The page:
Pinot Meunier is a red wine grape variety from the regions of Burgundy and Champagne, France. Besides in France, Pinot Meunier is grown in Australia, Germany, New Zealand, Austria and California. The variety is known also as Miller's Burgundy, Plant Meunier, Black Riesling, Gris Meunier, Müllerrebe and others.
Usually it is added to blends with them but for one reason or another, it never plays the major role. Pinot Meunier has a lighter color than Pinot Noir but its acidity levels are higher. Pinot Meunier is characterized by a medium-sized grape cluster, dense and cylindrical-conical. The grapes are small with a blue-red color.
Even if it is a little underrated in comparison to its rivals, Pinot Meunier has plenty of advantages over them. First off, it has higher acidity levels than Pinot Noir and Chardonnay, it can thrive in the northernmost parts of the region and to top it all of, can boast of better yields than Pinot Noir.
One of the possible reasons why winemakers from Champagne include Pinot Meunier in only a small portion of their blends is the fact that it does not have a great aging potential and gives ground to its competitors with regard to quality and finesse.
Pinot Meunier is a variety that blooms late, ripens early and develops very quickly in the bottle, for which it is extraordinarily suitable for wine blends that go out on the market earlier.
This variety grants substance, softness, balance and a pleasant fruit flavor to the wine blends it is included in. Wine varieties made only from Pinot Meunier are rarely seen, produced predominantly in Australia.
Characteristics of Pinot Meunier
Compared to Pinot Noir, Pinot Meunier gives light and colorful wines with slightly higher acidity levels but the sugar and alcohol content are nearly identical in both. As part of the standard champagne mixture, Pinot Meunier contributes to the aromatic fruit flavors of the wine.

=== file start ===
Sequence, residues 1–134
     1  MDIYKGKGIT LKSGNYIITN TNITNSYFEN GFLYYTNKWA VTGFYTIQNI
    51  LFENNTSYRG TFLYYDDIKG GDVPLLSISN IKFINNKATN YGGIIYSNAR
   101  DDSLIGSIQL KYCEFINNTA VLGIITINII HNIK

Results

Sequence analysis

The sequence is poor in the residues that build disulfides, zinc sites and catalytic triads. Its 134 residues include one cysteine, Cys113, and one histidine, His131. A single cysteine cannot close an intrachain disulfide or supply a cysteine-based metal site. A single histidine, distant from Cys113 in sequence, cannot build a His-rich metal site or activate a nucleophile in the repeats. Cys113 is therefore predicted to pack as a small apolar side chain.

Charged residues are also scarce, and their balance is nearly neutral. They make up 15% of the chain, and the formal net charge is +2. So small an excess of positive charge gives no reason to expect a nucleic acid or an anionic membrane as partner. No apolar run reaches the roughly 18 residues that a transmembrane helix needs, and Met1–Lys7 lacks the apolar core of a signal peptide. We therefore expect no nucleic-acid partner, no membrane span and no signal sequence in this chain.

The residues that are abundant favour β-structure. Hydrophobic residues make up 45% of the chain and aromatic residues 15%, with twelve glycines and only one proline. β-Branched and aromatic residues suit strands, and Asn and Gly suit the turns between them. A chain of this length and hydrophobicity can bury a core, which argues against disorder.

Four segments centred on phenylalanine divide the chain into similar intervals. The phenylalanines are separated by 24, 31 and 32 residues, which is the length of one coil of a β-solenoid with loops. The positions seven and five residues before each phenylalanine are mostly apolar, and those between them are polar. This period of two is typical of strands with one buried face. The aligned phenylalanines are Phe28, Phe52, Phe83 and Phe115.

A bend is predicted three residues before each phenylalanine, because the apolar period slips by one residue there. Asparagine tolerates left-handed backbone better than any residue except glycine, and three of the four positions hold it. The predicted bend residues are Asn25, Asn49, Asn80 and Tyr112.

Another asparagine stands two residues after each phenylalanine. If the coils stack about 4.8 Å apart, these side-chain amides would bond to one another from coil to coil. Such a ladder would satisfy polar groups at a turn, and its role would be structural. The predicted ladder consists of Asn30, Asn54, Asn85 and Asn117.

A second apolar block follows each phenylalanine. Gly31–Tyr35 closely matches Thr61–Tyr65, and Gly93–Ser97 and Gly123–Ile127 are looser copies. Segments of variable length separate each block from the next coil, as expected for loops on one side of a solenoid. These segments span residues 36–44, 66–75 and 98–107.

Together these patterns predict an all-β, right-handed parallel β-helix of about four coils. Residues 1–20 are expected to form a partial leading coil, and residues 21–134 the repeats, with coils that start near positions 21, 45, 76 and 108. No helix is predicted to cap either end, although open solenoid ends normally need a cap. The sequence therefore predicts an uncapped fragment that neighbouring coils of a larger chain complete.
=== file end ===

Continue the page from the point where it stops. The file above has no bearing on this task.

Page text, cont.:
Champagne with higher levels of Pinot Meunier does not have as much potential for aging when compared to champagne produced mainly from Chardonnay or Pinot Noir. Because of this, Pinot Meunier is most commonly used to make champagne intended for consumption while still young and has a soft aroma.
In Germany, Pinot Meunier is used to make stylish red wines, which can vary from light and nearly dry, to rich, dry and with notable flavors.
In California, American champagne producers began planting Pinot Meunier in 1980. In Australia, the grape has a longer history in the manufacture of wine of this variety when compared to the manufacture of Pinot Noir wine.
In New Zealand, winemakers began the production of champagne and wines from Pinot Meunier not too long ago. As a red wine variety, Pinot Meunier is known for its light fruity taste, moderate acidity and low tannins.
Serving Pinot Meunier
And since Pinot Meunier is generally used to make champagne, we will now list the foods that go well with the delightful sparkling drink. Champagne pairs superbly with various types of food. These include fruits, nuts, mushroom appetizers of all sorts, pasta, risotto, hard cheeses like parmesan, gouda and cheddar. Vegetables, fish and seafood are another fine choice for champagne.
Fowl, veal, pork and lamb served with a glass of champagne turn into a delight for the palate. Asian cuisine is highly suitable for dry champagne because its acidic nuance makes for an elegant complement with those spicy foods.
The driest types of champagne are befitting to sushi and Mexican food. Almost all types of desserts with fruits or fruit creams, as well as everyone's favorite chocolate are appropriate for dry champagne.